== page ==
Looming gloom
SEARCH FOR TRUTH - Ernesto P. Maceda Jr. (The Philippine Star) - June 27, 2020 - 12:00am

If our IATF has been resolute with its health and non-pharmaceutical interventions, when it comes to school opening, we see them wavering. The optic of Secretary Duque contradicting the President was odd.

Data suggests that children are less vulnerable to COVID-19. According to the US Center for Disease Control, as of June 10, 1 to 5 percent of all coronavirus cases, depending on the country, were children below 18 years. It is still unclear if children with the virus can pass it onto others. The variables and the unknowns, with no research certain, underlie the complex calculus to reopening.

But in Europe, classes have resumed: “because children play a relatively small role in the spread of the virus.” This conclusion serves as their principal basis. Policy makers are also keenly considering the social costs that the children bear: escalating abuse issues, mental health concerns. Children in schools are also critical for economies to recover. With no one to watch the kids, how do parents even report for work?

Ideally, any face to face resumption must consider the level of infection in each community. This would inform the calibration of efforts. There can’t be a one size fits all approach.

Academic. But it’s moot. This is not because President Rodrigo Duterte came out publicly against face-to-face classes pending availability of vaccines. Rather, its because the only way we pull that off is if government can guarantee that, with single minded purpose, they can elevate their ability to test, trace and treat to a more robust level. Only thus can we equalize our children’s chances against the virus should we embrace the risk. But government can’t guarantee that.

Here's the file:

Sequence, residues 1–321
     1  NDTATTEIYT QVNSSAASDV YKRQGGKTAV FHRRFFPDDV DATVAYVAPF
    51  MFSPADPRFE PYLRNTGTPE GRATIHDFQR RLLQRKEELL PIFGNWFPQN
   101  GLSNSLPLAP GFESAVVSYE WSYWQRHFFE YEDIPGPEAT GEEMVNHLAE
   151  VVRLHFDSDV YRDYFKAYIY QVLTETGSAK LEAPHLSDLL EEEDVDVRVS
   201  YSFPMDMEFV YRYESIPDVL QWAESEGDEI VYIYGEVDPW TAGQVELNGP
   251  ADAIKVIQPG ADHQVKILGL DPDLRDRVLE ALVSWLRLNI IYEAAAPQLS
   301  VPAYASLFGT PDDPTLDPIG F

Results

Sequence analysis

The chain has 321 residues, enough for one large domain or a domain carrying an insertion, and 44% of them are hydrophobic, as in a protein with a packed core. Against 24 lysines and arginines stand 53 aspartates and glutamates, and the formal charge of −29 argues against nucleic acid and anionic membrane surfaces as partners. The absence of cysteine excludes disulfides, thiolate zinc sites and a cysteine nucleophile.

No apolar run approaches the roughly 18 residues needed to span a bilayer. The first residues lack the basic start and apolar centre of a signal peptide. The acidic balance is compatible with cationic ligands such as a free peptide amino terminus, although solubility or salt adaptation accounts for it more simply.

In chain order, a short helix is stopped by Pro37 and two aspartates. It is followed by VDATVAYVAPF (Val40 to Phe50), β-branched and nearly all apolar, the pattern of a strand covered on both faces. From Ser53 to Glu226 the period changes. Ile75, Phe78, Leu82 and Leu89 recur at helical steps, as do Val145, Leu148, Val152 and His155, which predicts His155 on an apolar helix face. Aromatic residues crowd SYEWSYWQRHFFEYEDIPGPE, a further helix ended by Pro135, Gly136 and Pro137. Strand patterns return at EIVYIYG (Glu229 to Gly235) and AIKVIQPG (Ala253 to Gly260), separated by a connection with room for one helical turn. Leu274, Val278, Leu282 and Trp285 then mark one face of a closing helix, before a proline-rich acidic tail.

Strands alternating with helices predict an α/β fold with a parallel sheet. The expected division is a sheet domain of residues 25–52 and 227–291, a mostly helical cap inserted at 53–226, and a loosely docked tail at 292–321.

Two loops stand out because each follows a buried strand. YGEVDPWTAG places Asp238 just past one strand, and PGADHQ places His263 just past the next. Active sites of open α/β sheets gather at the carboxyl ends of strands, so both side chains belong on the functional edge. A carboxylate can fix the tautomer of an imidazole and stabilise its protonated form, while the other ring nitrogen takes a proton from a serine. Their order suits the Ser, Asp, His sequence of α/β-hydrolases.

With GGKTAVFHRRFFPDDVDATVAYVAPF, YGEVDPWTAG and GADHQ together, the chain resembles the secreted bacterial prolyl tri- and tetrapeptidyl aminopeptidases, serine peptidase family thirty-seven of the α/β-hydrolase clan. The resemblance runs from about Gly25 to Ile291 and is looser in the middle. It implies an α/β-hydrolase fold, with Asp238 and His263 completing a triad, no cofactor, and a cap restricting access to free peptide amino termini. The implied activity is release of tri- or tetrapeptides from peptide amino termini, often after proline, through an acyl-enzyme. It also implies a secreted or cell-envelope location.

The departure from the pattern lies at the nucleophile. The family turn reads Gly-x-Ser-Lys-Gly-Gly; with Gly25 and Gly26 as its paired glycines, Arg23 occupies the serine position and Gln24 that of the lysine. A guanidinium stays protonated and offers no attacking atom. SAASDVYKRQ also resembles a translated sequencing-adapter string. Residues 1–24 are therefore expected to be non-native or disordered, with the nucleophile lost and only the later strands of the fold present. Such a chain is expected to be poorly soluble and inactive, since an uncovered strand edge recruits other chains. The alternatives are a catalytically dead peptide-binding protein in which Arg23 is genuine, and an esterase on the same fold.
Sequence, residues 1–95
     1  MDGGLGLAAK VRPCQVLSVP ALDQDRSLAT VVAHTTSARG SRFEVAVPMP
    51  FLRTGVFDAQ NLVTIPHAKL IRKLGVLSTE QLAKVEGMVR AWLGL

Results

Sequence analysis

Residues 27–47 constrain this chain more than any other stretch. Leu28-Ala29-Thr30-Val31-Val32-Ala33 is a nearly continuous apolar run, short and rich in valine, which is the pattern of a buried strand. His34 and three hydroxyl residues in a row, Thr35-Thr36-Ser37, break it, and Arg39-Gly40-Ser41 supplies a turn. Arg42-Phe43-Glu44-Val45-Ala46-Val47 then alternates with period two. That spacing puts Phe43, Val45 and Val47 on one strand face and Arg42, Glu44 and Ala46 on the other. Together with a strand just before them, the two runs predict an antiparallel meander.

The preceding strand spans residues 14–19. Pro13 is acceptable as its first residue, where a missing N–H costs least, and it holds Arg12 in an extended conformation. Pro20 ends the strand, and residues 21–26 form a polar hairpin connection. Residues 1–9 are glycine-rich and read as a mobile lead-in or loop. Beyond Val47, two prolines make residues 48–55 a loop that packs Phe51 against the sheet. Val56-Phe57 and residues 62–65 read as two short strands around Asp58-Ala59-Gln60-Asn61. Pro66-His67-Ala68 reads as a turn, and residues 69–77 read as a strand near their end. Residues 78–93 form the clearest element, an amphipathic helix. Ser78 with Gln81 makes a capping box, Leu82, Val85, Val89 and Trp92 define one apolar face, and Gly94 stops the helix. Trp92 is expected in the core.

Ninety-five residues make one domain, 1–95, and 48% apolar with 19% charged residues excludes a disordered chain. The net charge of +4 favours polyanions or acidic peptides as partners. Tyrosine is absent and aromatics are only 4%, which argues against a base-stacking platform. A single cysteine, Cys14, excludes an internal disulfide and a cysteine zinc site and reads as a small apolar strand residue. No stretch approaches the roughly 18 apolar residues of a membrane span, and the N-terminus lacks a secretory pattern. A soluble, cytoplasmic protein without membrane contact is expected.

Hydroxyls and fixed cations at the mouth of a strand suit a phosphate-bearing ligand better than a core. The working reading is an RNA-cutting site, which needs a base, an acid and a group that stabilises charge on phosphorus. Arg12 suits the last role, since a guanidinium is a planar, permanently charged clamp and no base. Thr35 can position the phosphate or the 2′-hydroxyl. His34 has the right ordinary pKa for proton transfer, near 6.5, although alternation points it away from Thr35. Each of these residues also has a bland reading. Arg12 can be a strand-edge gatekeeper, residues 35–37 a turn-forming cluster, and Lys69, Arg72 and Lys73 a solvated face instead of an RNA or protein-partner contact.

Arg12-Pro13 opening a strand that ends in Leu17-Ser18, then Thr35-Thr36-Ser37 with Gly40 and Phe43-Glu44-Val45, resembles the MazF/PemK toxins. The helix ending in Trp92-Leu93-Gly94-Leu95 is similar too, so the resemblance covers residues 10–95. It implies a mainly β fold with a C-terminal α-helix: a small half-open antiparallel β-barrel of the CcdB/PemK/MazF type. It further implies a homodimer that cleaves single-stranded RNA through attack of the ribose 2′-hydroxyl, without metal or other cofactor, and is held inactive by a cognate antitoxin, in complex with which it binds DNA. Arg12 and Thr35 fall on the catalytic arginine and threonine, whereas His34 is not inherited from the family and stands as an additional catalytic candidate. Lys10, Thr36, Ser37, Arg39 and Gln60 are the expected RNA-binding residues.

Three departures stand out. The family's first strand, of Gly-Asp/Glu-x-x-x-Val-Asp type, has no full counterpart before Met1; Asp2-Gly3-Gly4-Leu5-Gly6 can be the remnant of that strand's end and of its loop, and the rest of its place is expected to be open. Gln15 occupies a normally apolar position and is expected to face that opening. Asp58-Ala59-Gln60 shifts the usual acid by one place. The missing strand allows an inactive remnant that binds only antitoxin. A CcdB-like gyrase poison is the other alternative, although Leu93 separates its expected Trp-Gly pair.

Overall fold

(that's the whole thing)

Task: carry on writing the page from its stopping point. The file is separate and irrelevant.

So we go blended. The DepEd is acutely aware of the resource inequalities and the variance in learners’ circumstances. This has not deterred the Department from powering through despite mounting calls for postponement. With inputs from ground surveys of their heroic divisions and regional offices (visit them and be amazed), they are mapping out the capacity of their wards and the distinctive needs of each locality. This is the work in progress that the Senate wanted wrapped up by now.

The LGUs, NGOs and the private sector are chipping in, continuing the Whole of Society effort, to assure that no child is left behind. Whatever may be needed, be it the sourcing and distribution of computer/laptop/tablet/cellphone capability; expanding online learning to use mixed media: radio, TV, social media, the DepEd is busy finalizing a workable roadmap. Even the Knowledge Channel has been partnering: their content reportedly matches up to 50 percent of the DepEd’s most essential learning competencies for K-10.

In areas where wi-fi infrastructure is deficient, maybe distribution of TVs or, per PRRD, radios would be more practical, tapping community radio stations for the remotest areas. And if this proves inadequate, modules are being printed and reproduced, to be delivered and then picked up in coordination with the teachers and the community.